Members of the U.S. Army Combat Capabilities Development Command’s Army Research Laboratory, the Army’s corporate research laboratory known as ARL, recently traveled to the National Training Center in Fort Irwin, Calif., to gain perspective on how Soldiers are trained, and to learn what technical challenges they may face on the battlefields of today and tomorrow.
Fort Irwin is a U.S. Army base nearly the size of Rhode Island, located in the Mojave Desert 36 miles northeast of Barstow, Calif. The major tenant of Fort Irwin is NTC, where troops from all the services spend a three-week rotation before overseas deployments.
As part of this engagement, the ARL leaders had in-depth conversations with Soldiers about the technologies that enable them to effectively perform their duties and where the gaps in those technologies lie.
“This was an invaluable interaction and one that every researcher at the lab should consider undertaking so that they can gain a different perspective of how your work impacts our Soldiers,” said Sgt. Maj. Jeffery (David) Snipes, ARL’s senior enlisted advisor.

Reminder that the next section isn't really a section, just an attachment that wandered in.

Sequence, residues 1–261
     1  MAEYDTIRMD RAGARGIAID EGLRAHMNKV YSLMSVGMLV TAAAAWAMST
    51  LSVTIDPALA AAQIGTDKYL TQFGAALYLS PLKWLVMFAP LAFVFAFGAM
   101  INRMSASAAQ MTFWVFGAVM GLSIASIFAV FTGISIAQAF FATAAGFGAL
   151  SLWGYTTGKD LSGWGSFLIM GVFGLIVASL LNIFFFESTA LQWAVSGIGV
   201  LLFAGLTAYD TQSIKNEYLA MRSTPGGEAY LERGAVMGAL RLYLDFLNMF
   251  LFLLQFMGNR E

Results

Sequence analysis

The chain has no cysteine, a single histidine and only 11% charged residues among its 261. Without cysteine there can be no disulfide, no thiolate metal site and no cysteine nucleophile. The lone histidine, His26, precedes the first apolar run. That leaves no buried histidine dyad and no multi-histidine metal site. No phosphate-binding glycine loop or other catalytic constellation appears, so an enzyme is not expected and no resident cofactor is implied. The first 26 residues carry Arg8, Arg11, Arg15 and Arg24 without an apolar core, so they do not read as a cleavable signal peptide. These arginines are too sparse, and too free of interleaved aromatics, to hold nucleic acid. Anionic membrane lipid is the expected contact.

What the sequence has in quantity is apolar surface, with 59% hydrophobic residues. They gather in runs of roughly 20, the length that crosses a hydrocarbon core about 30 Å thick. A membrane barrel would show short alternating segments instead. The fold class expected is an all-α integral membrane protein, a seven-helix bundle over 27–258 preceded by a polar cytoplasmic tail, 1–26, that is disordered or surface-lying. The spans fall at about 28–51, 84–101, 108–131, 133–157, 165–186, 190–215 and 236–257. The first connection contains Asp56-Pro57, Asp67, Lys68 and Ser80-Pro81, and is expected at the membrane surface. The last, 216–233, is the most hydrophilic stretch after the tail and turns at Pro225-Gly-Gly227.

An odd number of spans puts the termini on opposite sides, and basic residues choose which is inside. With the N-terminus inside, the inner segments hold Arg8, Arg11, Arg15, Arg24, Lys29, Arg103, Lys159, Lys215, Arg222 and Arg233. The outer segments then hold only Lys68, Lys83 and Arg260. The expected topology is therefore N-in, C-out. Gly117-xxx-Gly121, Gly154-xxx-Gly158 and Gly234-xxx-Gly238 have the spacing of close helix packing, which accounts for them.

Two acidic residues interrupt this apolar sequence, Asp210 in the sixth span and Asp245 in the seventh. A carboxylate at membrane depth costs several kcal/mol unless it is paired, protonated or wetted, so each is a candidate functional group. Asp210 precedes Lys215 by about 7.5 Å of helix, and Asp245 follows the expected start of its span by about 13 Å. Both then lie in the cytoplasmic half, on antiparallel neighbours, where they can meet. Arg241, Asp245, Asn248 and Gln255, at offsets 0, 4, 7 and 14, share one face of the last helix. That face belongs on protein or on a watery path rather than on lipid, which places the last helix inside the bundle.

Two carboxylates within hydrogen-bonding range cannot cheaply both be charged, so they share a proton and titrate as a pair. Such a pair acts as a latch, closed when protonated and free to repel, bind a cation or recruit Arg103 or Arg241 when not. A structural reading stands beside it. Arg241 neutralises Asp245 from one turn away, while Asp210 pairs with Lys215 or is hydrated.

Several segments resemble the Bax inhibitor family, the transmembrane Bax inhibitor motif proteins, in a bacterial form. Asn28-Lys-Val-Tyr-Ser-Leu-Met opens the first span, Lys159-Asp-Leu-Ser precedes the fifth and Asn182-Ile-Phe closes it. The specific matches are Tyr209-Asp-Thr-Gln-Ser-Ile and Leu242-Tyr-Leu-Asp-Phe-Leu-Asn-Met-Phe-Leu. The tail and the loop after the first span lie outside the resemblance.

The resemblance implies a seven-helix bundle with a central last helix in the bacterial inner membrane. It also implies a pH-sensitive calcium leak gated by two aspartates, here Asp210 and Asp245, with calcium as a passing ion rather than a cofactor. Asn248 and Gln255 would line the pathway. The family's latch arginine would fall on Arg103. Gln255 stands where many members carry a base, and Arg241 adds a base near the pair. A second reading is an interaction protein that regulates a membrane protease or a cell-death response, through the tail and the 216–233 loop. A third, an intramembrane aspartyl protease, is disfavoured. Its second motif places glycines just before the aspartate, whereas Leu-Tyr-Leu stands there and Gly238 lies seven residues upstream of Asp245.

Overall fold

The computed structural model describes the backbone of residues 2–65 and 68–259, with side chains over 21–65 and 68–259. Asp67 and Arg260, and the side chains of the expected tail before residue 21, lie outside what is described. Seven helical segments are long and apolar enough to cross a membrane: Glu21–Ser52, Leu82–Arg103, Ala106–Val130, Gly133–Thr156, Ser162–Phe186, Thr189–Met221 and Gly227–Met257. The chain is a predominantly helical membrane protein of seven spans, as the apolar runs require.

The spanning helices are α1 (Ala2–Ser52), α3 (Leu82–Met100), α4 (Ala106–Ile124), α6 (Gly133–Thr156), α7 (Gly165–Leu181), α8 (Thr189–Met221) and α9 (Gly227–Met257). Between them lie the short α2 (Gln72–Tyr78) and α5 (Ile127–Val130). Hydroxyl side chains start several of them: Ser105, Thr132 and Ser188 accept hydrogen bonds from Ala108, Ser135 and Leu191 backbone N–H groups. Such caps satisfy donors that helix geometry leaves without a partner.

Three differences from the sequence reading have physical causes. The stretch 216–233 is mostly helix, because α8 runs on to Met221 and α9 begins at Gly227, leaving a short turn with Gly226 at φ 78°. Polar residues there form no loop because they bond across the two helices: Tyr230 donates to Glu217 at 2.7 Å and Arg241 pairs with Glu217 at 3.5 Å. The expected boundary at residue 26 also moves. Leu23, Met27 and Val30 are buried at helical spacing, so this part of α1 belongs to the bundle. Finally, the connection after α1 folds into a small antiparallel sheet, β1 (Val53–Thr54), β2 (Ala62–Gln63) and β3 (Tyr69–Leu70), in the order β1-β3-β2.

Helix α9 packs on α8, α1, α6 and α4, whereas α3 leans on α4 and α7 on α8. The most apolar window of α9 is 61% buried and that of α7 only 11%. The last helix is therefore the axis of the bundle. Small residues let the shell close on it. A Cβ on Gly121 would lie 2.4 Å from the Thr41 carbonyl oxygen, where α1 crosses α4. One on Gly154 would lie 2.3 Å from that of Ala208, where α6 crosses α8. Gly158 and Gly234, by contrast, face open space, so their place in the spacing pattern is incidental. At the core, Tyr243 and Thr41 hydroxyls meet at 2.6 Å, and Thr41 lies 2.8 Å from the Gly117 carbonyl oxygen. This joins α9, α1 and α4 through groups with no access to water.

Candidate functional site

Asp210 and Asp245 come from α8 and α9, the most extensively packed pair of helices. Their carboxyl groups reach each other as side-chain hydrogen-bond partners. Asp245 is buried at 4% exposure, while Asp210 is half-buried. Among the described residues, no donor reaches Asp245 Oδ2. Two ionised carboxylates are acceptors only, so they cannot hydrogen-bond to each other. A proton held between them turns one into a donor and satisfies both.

According to Rommie Hardy, technical assistant to the ARL director, one of the biggest takeaways was understanding that there is a big need within command and control to get from data to knowledge. This is an existing challenge that will become even more difficult given there is exponentially more available data within a multi-domain operating environment.
“There is an enormous amount of data that exists on the battlefield, and decision makers need to be able to go from data to knowledge in a short period of time,” Hardy said. “In order to do that, there is a considerable amount of research that still needs to be done to enable this capability. As the Army’s corporate research laboratory, we have positioned ourselves to answer the call and provide the solutions to address this research challenge.”